Honda rides out covered electric cargo scoot with swappable batteries
Honda Japan has announced an electric version of its popular three-wheeled Gyro business scooter. The Gyro Canopy e is a covered version of the Gyro e launched earlier this year, and benefits from the same swappable battery convenience.
The first scoot in the Gyro family was a 50cc model introduced in 1982, and the first to come with a canopy was launched in 2008. The 2021 Gyro Canopy e has a similar look as the concept introduced at the 2011 Tokyo Motor Show, but is now very much ready for life on the road.
Available in Japan only, where it's classed as a moped, the three-wheeled scoot features a full windshield that curves up over the seated single rider, ending a just a fraction beyond the backrest. This offers some protection from the elements – though the sides are very much open – and an electric double-link wiper helps move the wet stuff out of the way.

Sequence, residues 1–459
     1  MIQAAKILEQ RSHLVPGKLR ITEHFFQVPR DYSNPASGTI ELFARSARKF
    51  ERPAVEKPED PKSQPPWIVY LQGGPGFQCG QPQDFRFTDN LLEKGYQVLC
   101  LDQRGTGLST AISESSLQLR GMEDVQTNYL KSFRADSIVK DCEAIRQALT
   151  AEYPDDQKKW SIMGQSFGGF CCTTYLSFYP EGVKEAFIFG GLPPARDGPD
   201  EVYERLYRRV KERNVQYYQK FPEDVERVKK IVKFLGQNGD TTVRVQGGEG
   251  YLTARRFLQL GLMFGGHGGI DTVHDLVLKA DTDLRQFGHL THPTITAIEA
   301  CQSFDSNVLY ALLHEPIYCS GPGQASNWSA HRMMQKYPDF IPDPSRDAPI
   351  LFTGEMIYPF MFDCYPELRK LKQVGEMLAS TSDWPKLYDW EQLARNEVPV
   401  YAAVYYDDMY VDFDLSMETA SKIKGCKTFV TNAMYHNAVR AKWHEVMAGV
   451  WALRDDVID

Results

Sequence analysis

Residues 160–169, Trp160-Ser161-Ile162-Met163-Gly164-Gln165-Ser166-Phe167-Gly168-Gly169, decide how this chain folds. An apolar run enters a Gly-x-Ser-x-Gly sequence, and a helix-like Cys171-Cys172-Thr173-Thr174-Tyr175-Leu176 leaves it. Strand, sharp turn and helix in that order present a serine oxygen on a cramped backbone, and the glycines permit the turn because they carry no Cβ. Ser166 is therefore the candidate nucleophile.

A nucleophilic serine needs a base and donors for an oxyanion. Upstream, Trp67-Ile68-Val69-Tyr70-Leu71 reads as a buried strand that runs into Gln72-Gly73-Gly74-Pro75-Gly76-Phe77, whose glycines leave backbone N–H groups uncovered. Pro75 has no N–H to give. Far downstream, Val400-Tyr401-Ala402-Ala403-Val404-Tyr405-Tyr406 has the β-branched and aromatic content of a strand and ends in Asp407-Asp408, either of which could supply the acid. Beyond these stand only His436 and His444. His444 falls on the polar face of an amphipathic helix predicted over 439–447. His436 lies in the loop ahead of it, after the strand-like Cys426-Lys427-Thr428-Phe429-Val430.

The electric cargo trike is reckoned capable of a maximum output of 3.2 kW (4.3 hp) at 5,800 rpm and manages 13 Nm (9.5 lb.ft) of torque at 2,300 rpm. Honda reports 77-km (47.8 miles) of tested range at an average of 30 km/h (18.6 mph), and it will then take five hours on charge to get the scoot back on the road. But businesses can get around that by swapping out the two Honda Mobile Power Packs under the seat for fresh ones and riding on while the spent ones get topped up.
Despite riding two wheels at the back, the Gyro Canopy e maintains a svelte city street profile, being just 700 mm (27.5 in) wide and coming with a 1,360-mm (53.5-in) wheelbase. It features a reverse mode, has a turning radius of 1.9 m (6.2 ft), and a hinge mechanism allows the front section to lean into the corners while the cargo section remains level.
There's no cargo box shown in the supplied photos, but no doubt such a thing could be fitted to cater for food and package delivery, though Honda is also aiming the electric scoot as patrol services.
The Gyro Canopy e is on sale in Japan in a choice of white or red for 715,000 yen (which converts to about US$6,275).